This is one of many, many examples of scoring patterns that exist purely as decorative design.

If you’d like to give something like this a go, we’d recommend keeping it nice and simple. An intricate pattern will most likely get lost or tear during the oven spring.

But if we can’t talk you out of shooting for a more complex pattern, be sure to use smaller cuts for enhanced definition.

What Should You Use To Score Bread?

When scoring bread, there are a few options in the way of tools. A very sharp knife will do in a pinch, as will a serrated knife if it’s long enough, and don’t neglect a curved blade if you’re after a more dramatic “ear”.

A loose, sharp razor blade can work too as long as you’re careful, but if you want to mimic the professional bakers, there’s really no substitute for a bread lame.

A bread lame is a scoring tool typically comprising a long stick and a razor blade. The sharp blade fits into the end of the stick, freeing the rest of the stick up as a comfortable handle.

If you love baking bread, we feel that a lame is an absolute must!

Tips For Better Scoring

  • Over proofing and scoring are a match made in hell! If you score the dough of an over proofed project, the slits will let all the air out, and your dough will deflate, balloon style – Boo!
  • As mentioned earlier, always wait until after the final proof to score the bread dough surface. The dough needs enough rise time to reach full raw expansion.
  • Cold dough makes for a taut surface, which, in turn, makes scoring bread neatly much easier as there’s very little drag as the blade passes through.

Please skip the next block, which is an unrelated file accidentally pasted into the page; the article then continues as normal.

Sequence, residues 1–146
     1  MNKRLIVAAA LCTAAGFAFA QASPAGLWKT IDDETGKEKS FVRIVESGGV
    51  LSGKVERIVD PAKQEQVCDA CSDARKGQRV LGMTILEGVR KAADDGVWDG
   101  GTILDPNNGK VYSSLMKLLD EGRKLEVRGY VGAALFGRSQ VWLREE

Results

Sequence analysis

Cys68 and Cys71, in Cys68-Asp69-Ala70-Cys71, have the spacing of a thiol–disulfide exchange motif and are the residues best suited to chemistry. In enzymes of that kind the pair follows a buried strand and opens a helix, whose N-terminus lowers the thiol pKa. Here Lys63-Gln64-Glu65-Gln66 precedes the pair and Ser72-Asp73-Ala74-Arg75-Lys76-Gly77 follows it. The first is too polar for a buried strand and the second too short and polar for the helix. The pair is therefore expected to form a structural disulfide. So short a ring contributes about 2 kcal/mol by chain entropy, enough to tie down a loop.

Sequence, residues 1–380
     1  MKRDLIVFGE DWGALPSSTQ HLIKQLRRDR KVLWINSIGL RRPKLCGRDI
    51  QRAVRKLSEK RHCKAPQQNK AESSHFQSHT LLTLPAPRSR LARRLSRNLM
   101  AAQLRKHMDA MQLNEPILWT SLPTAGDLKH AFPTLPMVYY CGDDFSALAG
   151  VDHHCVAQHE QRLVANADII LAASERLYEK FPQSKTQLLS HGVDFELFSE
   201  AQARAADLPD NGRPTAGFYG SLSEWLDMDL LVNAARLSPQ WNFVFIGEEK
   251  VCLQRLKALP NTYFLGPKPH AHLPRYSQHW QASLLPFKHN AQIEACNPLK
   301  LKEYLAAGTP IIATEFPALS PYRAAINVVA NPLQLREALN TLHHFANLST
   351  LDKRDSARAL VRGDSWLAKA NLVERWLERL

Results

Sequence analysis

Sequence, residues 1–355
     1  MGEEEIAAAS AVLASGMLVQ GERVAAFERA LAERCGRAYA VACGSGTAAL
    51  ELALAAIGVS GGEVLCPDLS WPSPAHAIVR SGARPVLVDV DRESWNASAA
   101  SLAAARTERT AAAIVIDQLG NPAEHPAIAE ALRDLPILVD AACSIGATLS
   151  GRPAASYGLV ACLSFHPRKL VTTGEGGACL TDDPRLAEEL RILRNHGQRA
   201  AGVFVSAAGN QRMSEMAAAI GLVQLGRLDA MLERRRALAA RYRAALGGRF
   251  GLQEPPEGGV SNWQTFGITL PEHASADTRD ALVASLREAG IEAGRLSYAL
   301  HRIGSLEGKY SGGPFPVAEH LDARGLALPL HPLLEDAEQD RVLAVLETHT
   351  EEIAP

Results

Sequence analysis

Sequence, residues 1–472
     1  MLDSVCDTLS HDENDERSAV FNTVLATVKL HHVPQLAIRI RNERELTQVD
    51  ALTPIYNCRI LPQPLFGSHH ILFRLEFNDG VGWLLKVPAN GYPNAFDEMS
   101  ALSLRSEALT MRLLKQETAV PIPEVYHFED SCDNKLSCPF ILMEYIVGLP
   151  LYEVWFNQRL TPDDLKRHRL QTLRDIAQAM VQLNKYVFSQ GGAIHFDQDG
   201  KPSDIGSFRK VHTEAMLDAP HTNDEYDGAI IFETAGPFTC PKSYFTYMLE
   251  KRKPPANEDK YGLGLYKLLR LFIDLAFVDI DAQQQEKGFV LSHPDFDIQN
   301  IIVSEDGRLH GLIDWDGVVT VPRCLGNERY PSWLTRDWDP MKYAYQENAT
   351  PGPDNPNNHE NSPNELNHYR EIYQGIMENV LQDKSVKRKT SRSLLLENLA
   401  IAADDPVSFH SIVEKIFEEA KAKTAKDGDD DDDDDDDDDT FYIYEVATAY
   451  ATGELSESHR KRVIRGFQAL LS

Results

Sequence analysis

• Wet dough should not be scored as it’s impossible to prevent universal expansion. Plus, with no resistance, even a sharp knife will fail to make a clean incision.
  • Dust your dough loaf with some excess flour before scoring to create contrast between the outer core and the soon-to-be-revealed core.
  • Quickly score the dough. A slow cut is a messy cut!
  • A shallow cut will lead to a thinner opening – perfect for decoration.
  • When scoring with a straight blade, hold it at a 90 degree angle to the dough.
  • When scoring baguettes, slash at a 45 degree angle along the axis of the bread dough.
  • Bakers using kitchen scissors instead of a blade, make sure the edge is nice and sharp.
  • Scoring bread dough should be done with the arm rather than the wrist.
  • Spritzing a sharp knife with cooking spray will give you an even cleaner cut.
  • An oval loaf provides ample surface for decoration should you wish to give it a go.
  • For an attractive ear, score sourdough at a 45 degree angle.
  • For a longer loaf with a central score, slash at a 90 degree angle.
  • Soft dough can be problematic when it comes to bread scoring, so be sure to check the consistency of the dough before the final proof.
  • Score your bread right there in the proofing basket to limit handling of the loaf.

Final Thoughts

Lots of recipes inform you that you should score your bread, but not all of them explain exactly when it should be done.

But, now you know that scoring bread dough should take place after the final rise, just before it goes in the oven, so you can score with confidence – Happy baking!

Picture of Kathryn Sewell

Kathryn Sewell

Hi! I'm Kate and I have been baking and cooking for as long as I can remember. I like to share the most interesting tips and recipes I try here on What Kate Baked for you to enjoy. If you have a favorite recipe you'd like to share send it over on social.

About the Author